Patient will present as → a 65-year-old man who presents to the office with slowly progressive trouble urinating. He is still able to urinate but claims that his, "stream is weak." On physical exam, external genitalia have no notable abnormalities. On digital rectal exam, you note several rock-hard nodules on the patient's prostate.
May present with urinary retention, decrease in urine stream strength, or back pain (metastatic disease)
- Urinary retention is more likely a sign of BPH
- Digital rectal exam: hard, nodular, enlarged and asymmetrical prostate
- PSA > 4 warrants further workup
- PSA > 10 suggestive of cancer
- Risk factors include old age (most men > 80 have a focus of prostate cancer) and family history
PSA > 4 get an ultrasound with needle biopsy
PSA > 10 get a bone scan to r/o METS
Screening (LOTS OF DEBATE HERE)
The NCCN issued revised guidelines on prostate cancer screening; the guidelines are based on recommendations by the majority of panel members rather than consensus. The NCCN recommends performing a baseline history (including family history, medications, and any history of prostate screening and disease) and physical examination. The clinician should then discuss the risks and benefits of a baseline PSA test with the patient, and consider a baseline DRE to identify high-risk cancers associated with a seemingly normal PSA. In patients with a normal DRE result, the NCCN recommends baseline PSA testing at age 45-49 years, with retesting at age 50 years in patients with a level below 0.7 ng/mL (the age-specific median) and annual or biannual retesting in those with a level of 1.0 ng/mL or higher.
For patients aged 50-70 years with a normal DRE and a PSA below 3 ng/mL, the NCCN recommends retesting every 1-2 years. NCCN panel members were divided on the question of PSA thresholds that would prompt prostate biopsy: 2.5 ng/mL has been used, whereas 3 ng/mL is evidence-based and reduces the risk for overdetection; however, some panel members recommended considering the PSA level in the context of other risk factors rather than using a specific PSA cutoff. In selected cases, risk calculators could be used to stratify risk.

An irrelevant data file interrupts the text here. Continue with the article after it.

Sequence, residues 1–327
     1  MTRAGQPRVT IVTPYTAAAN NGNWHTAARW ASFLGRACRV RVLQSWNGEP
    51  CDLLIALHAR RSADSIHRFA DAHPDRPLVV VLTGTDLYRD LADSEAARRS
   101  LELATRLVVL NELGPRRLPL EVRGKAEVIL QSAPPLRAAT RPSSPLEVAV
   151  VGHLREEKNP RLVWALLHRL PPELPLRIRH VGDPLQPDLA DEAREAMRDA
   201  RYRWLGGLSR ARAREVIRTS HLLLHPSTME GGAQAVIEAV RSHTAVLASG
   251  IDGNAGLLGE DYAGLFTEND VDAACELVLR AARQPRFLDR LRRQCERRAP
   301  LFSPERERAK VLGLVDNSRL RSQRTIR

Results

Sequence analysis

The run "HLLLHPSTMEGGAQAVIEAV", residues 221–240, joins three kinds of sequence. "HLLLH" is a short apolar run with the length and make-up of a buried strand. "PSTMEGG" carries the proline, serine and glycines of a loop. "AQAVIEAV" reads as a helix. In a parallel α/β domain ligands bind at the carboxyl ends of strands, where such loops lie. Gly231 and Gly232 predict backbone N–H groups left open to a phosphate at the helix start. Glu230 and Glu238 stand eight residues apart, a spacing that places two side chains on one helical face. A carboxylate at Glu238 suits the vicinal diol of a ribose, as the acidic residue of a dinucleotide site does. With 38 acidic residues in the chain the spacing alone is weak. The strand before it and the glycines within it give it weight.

Radical Prostatectomy - Complication is Erectile Dysfunction!
With Mets will need Androgen Deprivation Therapy (leuprolide) if no meds then castration
Monitor PSA should be less < 0.1
Periodic rectal exams
Many prostate carcinomas are contained within the gland, making it difficult to assess progression with a digital examination alone.
Ultrasonography is used largely for staging disease, not monitoring disease progression.
Measurements of serum acid phosphatase
Serum acid phosphatase is more predictive of metastatic disease than PSA measurement, but its use has largely been replaced by PSA.
Measurements of prostate-specific antigen
Squamous cell carcinoma found in the peripheral zone
Squamous cell carcinomas constitute less than 1% of all prostate carcinomas
Squamous cell carcinoma found in the central zone
15%-20% arise in the central zone
Acinar adenocarcinoma found in the peripheral zone
Sarcoma found in the transitional zone
10%-15% arise in the transitional zone
Routine prostate-specific antigen (PSA) testing in men older than 75 years
Repeat PSA testing every 1-2 years in men aged 50-70 years with normal digital rectal examination (DRE) findings and PSA level below 3 ng/mL
Annual retesting in patients with a PSA level 0.5-0.7
Prostate biopsy at a PSA level of 2 ng/mL
MRI and CT
Ultrasonography and CT
MRI and ultrasonography
PET and ultrasonography
External-beam radiation therapy
Total androgen deprivation